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What We Do at the Pacific Coastal and Marine Science Center

Learn more about the science of the Pacific Coastal and Marine Science Center.

Small silver metal boat with USGS lettering on the side, water is splashing up on the side and a small wake is formed.
We use our research vessel Parke Snavely to collect data and run surveys. Credit: Tom Reiss, USGS

The Pacific Coastal and Marine Science Center studies western U.S. coastal and offshore areas, including Alaska, Hawai‛i, and other Pacific islands. Our scientists conduct research, monitor processes, and deliver products to help managers make more informed resource management and policy decisions.

The Pacific Coastal and Marine Science Center consists of about 120 staff, including geologists, geophysicists, oceanographers, and geographers stationed in Santa Cruz and Moffett Field, California.

Our research at USGS Pacific Coastal and Marine Science Center falls under these themes . . .


Hazards: Coastal and Offshore

USGS makes detailed seafloor maps of offshore geology to identify faults and underwater landslides. The results help coastal communities become more resilient to marine geologic hazards that include earthquakes and tsunamis. We also develop statistical and computer models of earthquake and tsunami recurrence to help manage risk.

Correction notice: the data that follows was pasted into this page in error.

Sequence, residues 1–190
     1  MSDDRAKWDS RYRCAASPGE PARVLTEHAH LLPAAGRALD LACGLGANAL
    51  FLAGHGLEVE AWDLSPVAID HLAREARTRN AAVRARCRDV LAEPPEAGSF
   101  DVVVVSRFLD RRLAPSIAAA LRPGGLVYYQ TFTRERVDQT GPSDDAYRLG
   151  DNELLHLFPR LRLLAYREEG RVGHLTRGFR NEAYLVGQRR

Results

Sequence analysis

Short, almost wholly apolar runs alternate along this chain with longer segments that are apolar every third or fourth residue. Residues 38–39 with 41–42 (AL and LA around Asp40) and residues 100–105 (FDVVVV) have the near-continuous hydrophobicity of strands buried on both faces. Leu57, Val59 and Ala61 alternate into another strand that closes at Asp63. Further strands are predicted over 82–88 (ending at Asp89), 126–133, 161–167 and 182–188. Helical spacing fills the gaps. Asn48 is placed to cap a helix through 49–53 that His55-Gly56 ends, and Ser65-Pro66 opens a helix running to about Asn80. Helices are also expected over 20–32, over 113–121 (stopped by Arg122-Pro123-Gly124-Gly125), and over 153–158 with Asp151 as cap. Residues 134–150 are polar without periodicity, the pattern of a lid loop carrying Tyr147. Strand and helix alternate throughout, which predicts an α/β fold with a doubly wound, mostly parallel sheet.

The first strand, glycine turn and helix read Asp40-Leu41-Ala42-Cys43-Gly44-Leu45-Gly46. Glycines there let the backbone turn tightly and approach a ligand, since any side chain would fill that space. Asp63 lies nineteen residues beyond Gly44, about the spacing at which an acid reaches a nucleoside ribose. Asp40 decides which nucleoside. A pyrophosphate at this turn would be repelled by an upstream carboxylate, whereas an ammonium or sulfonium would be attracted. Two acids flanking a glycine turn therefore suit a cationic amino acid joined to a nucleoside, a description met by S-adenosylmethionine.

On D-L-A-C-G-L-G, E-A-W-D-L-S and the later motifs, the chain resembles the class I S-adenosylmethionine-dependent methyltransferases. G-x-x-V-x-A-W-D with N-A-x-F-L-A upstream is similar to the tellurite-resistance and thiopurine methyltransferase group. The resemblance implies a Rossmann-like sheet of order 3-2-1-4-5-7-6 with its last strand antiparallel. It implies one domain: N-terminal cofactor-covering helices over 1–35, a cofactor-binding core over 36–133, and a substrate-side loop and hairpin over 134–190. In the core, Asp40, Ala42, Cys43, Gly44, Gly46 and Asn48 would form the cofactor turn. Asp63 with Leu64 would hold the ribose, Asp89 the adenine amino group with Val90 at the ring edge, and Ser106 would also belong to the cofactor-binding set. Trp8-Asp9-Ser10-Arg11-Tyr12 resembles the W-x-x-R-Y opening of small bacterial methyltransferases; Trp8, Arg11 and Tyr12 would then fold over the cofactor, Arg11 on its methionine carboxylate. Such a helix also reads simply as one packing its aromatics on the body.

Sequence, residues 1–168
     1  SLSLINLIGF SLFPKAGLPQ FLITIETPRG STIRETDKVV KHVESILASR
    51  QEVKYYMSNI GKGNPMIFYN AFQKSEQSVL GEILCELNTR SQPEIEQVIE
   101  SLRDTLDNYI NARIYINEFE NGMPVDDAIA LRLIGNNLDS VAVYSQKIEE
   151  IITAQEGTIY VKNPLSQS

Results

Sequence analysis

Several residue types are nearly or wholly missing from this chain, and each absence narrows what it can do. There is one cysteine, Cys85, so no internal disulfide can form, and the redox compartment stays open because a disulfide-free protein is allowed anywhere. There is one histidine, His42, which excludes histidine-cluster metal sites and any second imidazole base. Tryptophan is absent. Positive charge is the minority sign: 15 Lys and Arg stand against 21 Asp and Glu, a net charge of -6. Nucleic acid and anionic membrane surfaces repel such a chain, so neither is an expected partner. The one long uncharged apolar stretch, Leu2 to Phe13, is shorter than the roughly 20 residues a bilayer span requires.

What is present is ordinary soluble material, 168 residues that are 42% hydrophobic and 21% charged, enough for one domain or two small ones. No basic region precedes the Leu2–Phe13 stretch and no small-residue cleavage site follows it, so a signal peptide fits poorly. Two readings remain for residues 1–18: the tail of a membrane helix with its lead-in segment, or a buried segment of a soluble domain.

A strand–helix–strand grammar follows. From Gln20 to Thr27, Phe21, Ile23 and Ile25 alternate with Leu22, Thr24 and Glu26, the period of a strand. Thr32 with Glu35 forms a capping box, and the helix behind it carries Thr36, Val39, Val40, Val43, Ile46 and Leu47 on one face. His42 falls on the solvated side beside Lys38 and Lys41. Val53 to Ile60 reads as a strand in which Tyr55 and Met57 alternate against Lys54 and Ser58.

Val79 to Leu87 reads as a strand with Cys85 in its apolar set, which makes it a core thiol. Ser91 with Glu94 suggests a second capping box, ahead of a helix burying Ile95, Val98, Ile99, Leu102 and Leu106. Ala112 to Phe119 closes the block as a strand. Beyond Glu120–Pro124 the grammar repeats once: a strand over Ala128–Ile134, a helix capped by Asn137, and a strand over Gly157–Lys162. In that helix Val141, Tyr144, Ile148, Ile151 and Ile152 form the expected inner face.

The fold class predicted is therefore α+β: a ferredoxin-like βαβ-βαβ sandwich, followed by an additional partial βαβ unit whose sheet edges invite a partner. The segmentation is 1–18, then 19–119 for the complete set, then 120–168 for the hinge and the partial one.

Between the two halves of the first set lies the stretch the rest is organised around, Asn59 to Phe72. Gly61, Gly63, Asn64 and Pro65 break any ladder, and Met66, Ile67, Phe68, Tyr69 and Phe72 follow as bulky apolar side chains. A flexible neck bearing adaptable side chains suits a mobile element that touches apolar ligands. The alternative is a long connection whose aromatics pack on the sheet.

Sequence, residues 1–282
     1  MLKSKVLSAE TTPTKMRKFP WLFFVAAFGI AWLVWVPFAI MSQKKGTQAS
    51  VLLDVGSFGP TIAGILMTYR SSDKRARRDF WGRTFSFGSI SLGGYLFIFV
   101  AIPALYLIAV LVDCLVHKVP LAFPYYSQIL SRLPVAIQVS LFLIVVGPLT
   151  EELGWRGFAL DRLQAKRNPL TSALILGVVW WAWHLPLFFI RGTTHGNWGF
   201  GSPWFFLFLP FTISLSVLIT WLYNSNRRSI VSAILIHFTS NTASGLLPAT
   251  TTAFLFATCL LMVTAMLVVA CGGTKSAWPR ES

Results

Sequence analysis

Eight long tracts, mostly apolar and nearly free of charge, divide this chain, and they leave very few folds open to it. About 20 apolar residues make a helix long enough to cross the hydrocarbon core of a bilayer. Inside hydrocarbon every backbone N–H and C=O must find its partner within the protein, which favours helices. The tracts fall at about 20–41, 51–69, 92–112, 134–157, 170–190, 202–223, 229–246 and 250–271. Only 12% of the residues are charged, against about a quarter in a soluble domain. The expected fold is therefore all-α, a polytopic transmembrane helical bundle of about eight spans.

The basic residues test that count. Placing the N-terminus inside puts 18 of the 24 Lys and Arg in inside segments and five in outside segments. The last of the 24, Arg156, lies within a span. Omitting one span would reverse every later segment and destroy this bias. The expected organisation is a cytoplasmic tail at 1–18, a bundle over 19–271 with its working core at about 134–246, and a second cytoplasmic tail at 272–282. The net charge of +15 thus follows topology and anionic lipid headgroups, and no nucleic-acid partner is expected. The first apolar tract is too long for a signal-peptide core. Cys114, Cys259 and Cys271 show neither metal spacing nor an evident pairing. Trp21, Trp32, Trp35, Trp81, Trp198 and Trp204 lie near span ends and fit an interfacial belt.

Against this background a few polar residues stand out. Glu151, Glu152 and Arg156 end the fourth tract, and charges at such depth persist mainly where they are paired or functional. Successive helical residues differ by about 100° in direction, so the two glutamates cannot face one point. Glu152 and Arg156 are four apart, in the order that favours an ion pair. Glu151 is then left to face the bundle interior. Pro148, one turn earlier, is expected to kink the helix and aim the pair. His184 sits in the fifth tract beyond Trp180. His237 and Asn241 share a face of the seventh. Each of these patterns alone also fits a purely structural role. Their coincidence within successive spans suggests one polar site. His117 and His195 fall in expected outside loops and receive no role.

Ground view of collapsed building and burned area, Beach and Divisadero Sts., Marina District.
Ground view of collapsed building and burned area at Beach and Divisadero Streets, Marina District, San Francisco, following the October 17, 1989 Loma Prieta earthquake. Credit: C.E. Meyer, USGS
Labeled seafloor map shows the shaded depth and active faults offshore of a part of the California coast.
Seafloor geology map shows active faults offshore from the Diablo Canyon Power Plant (DC) on the central California coast. Credit: Sam Johnson, USGS


Coastal Change

USGS research helps managers better understand and project the physical impacts of storms, climate change, and sea-level rise on coastal systems—from the permafrost coasts of Alaska, to the Puget Sound estuary, the California coast, and low-lying Pacific atolls. Coastlines are dynamic, with sediments accumulating or eroding from beaches and tidal marshes, storm waves eroding cliffs, and sea-level rise threatening low-lying coastal communities.